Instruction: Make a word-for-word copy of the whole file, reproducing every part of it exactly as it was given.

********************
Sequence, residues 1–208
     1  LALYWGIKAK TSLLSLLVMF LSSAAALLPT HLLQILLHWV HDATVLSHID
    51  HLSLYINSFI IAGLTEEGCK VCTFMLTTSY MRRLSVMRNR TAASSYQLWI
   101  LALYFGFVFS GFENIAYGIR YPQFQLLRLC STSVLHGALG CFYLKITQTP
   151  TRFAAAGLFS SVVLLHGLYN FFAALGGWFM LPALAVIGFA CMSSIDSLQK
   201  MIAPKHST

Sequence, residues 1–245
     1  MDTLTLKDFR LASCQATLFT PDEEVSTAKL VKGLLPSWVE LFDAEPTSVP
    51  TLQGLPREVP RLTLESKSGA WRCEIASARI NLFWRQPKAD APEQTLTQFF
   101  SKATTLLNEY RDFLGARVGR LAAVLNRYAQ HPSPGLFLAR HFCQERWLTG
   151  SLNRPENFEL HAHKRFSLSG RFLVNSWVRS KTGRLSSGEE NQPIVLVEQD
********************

Sequence, residues 1–208
     1  LALYWGIKAK TSLLSLLVMF LSSAAALLPT HLLQILLHWV HDATVLSHID
    51  HLSLYINSFI IAGLTEEGCK VCTFMLTTSY MRRLSVMRNR TAASSYQLWI
   101  LALYFGFVFS GFENIAYGIR YPQFQLLRLC STSVLHGALG CFYLKITQTP
   151  TRFAAAGLFS SVVLLHGLYN FFAALGGWFM LPALAVIGFA CMSSIDSLQK
   201  MIAPKHST

Sequence, residues 1–245
     1  MDTLTLKDFR LASCQATLFT PDEEVSTAKL VKGLLPSWVE LFDAEPTSVP
    51  TLQGLPREVP RLTLESKSGA WRCEIASARI NLFWRQPKAD APEQTLTQFF
   101  SKATTLLNEY RDFLGARVGR LAAVLNRYAQ HPSPGLFLAR HFCQERWLTG
   151  SLNRPENFEL HAHKRFSLSG RFLVNSWVRS KTGRLSSGEE NQPIVLVEQD